Further, the main problem with the second step in the reasoning is that until Mostyn J held otherwise in April this year, everyone, including Mostyn J himself (e.g., in Appleton v Gallagher) and the current President of the Family Division in his October 2021 Report (at §16), had proceeded on the basis that the consequence of the 2009 rule change was not that hearings of financial remedies proceedings became public or tantamount to public hearings. For one, the post 2009 rules do not say that. For another, the public are not admitted, only accredited journalists and more recently legal bloggers.

The hallmark of a public hearing is that any member of the public can attend and report freely what he or she has seen. What happens at a private hearing in the QBD or Ch Div may in theory be freely reported, subject to a specific order of the court (which are commonly granted), but no member of the public, journalist or otherwise, is allowed in. Then, there are many of the reasons that led Mostyn J to his original conclusion, e.g., that financial remedy proceedings are concerned with information of an inherently private and confidential nature which the parties are required to disclose to the court under compulsion: see in this regard the article by Christopher Wagstaffe KC, “Privacy and Transparency in the Financial Remedies Court”, in the Financial Remedies Journal (Issue 2, 6 July 2022), who makes many persuasive points.

In short, it is at least arguable that Mostyn J was right in Appleton v Gallagher and wrong in Xanthopoulos. It is also arguable that he was wrong in both. Only the Court of Appeal can authoritatively resolve whether Mostyn J was right on either occasion or neither.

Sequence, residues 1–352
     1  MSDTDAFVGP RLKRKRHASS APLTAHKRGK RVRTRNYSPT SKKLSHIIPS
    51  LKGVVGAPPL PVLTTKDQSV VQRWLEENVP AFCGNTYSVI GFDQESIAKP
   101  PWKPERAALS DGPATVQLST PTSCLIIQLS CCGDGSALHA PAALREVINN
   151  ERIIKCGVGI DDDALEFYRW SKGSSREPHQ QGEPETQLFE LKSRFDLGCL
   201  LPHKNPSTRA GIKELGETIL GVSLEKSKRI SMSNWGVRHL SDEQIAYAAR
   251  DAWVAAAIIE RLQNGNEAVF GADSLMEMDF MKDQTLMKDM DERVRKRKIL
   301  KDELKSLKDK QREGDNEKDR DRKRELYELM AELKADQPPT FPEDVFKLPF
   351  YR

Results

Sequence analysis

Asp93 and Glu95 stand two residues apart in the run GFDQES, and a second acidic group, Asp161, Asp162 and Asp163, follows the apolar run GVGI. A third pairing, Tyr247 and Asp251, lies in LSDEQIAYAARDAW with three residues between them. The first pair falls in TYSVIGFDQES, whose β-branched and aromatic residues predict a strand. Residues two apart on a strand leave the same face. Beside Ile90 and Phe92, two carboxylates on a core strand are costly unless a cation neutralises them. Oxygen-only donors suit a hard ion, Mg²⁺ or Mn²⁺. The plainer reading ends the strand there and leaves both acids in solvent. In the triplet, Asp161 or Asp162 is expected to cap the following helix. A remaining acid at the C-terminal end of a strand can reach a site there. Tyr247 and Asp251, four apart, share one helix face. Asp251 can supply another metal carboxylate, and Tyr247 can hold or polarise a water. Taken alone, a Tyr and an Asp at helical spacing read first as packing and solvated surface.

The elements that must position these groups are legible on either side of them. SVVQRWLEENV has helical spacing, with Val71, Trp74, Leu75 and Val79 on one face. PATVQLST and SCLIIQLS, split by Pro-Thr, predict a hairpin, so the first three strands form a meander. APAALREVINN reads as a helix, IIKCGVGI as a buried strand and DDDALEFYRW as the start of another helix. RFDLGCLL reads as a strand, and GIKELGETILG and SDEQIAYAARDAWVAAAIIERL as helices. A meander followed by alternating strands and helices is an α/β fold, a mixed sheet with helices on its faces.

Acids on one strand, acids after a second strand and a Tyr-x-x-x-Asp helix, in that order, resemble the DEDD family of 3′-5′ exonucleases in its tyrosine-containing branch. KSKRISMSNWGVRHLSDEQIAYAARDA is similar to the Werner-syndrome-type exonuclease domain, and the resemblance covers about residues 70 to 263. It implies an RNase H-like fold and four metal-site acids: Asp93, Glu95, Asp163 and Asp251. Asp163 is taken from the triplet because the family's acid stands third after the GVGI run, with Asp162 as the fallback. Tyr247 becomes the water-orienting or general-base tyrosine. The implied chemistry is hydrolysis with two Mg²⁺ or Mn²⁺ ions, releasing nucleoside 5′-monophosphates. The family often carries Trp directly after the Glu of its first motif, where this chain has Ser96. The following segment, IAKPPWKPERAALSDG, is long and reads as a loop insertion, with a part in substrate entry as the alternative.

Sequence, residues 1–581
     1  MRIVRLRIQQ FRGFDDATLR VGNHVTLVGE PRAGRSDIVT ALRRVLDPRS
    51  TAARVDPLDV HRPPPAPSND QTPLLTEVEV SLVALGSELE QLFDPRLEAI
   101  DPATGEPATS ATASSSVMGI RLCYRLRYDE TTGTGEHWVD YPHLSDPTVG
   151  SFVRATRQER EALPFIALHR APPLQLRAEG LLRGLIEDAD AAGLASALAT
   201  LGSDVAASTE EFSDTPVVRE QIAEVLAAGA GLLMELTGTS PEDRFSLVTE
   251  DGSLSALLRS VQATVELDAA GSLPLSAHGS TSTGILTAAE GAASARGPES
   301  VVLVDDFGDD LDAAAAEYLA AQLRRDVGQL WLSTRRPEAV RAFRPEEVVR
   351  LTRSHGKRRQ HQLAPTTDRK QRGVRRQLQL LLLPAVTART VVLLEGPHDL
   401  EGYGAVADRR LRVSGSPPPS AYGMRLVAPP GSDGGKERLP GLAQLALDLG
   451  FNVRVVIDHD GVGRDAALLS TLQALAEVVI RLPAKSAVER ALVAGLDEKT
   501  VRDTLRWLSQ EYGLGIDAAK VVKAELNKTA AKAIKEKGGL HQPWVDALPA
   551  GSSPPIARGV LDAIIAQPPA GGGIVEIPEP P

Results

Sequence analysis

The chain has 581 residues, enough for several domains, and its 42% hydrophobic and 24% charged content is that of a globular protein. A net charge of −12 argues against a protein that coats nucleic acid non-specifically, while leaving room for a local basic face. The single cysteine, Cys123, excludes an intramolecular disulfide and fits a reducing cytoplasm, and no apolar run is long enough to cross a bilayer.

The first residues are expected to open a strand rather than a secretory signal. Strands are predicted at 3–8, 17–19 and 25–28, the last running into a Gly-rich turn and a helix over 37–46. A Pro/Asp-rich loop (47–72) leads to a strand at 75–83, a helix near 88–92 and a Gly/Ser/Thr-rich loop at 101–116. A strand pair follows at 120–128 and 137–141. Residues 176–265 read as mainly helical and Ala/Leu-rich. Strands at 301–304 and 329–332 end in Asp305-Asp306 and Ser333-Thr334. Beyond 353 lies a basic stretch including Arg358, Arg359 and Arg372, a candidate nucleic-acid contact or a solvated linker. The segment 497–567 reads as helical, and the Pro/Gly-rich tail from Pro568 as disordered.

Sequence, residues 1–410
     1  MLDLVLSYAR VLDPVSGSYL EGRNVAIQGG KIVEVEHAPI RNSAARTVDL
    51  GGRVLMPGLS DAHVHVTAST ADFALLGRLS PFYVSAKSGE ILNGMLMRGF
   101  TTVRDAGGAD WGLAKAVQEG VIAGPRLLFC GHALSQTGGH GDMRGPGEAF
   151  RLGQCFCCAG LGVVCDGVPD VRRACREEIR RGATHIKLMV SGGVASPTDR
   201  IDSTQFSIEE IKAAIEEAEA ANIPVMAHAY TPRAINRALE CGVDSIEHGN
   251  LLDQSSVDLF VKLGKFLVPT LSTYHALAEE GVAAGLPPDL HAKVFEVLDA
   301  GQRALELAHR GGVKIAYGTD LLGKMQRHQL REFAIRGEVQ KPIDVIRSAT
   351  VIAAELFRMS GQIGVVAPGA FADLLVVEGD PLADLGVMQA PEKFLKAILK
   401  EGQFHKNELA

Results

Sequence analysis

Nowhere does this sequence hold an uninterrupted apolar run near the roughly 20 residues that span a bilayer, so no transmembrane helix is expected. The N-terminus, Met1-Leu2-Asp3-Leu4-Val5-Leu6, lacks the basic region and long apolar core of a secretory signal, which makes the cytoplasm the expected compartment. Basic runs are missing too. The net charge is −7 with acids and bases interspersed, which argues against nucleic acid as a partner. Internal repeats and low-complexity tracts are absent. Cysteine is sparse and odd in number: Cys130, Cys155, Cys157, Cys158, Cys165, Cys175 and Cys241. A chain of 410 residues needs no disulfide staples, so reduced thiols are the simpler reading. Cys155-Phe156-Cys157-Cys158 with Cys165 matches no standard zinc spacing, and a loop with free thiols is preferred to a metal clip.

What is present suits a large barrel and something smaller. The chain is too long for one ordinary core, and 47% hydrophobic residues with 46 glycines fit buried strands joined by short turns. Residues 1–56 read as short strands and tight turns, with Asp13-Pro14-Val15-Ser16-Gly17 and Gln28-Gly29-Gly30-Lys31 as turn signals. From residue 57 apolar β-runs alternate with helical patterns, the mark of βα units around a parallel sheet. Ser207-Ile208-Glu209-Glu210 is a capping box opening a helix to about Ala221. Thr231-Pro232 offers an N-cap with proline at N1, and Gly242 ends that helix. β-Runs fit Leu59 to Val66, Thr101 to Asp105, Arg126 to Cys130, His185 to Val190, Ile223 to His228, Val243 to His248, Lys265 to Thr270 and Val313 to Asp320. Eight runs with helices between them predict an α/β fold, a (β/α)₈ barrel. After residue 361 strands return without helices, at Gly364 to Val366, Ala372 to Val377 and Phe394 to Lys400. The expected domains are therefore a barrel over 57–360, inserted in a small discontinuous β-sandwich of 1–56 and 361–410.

Whether Mostyn J is right or wrong, if one of one’s own financial remedy case were to be listed before Mostyn J, Mostyn J would naturally apply the law as he has held it to be in his recent series of judgments. As the judge emphatically stated in Gallagher v Gallagher at [6]:

“I intend this to be my last judgment of substance on this subject. I leave it to others to determine if I am right or wrong. Henceforth, for as long as the law stays as it is, I will decide any applications for orders for reporting restrictions and/or anonymity on their individual merits applying these principles without further jurisprudential elaboration”.

Therefore, for as long as this remains a possibility, one would have to prepare one’s case on the footing that what Mostyn J has said may represent the law. It is highly unlikely that he would be persuaded that he has got anything fundamentally wrong, although I suspect that he would grant permission to appeal if he considered that a party’s interests had been adversely affected by the changes that his Damascene conversion has brought about.

Nevertheless, it appears that not all other judges who sit in financial remedies cases in the family courts are as keen on Mostyn J’s new view of the law as he is. So much is evident from X v C [2022] EWFC 79 (12 July 2022), a judgment of HHJ Farquhar sitting in the Financial Remedies Court in Brighton.

X v C was an application for financial remedies by a wife against a husband in a case in which the available capital either just met the needs of the parties or was not sufficient to meet the needs of the parties depending upon decisions that were made in terms of the needs of each of the parties and what assets were to be considered for distribution. In other words, it was not a high profile or ‘big money’ case but a more run-of-the-mill one, but as the judge noted at [2] that, “There is…a lack of reported Financial Remedy cases other than those that involve individuals that are either wealthy or extremely wealthy and this case does not fit into such categories”.